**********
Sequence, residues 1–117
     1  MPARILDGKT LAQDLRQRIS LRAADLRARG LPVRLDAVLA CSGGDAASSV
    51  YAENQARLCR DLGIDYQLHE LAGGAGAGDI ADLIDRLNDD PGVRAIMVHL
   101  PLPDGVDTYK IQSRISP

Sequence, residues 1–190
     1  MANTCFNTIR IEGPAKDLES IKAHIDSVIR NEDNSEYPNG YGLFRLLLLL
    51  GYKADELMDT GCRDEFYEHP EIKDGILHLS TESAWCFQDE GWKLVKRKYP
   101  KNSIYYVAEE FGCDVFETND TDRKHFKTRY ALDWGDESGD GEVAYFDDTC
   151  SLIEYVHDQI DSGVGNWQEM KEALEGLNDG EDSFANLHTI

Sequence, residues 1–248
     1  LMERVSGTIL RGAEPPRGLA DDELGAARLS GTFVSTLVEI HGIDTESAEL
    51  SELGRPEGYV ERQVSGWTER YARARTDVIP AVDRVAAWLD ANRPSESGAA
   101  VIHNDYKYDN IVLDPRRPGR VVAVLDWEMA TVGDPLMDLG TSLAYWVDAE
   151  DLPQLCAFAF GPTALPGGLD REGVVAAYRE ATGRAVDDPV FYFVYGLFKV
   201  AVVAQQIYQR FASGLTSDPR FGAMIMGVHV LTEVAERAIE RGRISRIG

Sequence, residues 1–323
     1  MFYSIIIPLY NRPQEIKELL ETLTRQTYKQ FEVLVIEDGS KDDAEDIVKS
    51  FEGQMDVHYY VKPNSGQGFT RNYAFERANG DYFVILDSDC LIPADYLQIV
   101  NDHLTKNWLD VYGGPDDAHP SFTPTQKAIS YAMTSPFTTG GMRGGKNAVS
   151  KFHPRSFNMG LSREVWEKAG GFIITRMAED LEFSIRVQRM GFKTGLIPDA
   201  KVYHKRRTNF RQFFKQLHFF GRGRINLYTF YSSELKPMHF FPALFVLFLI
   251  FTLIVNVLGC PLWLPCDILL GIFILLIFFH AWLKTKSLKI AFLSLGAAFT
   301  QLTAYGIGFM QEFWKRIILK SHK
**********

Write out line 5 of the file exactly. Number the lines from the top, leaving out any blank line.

Sequence, residues 1–190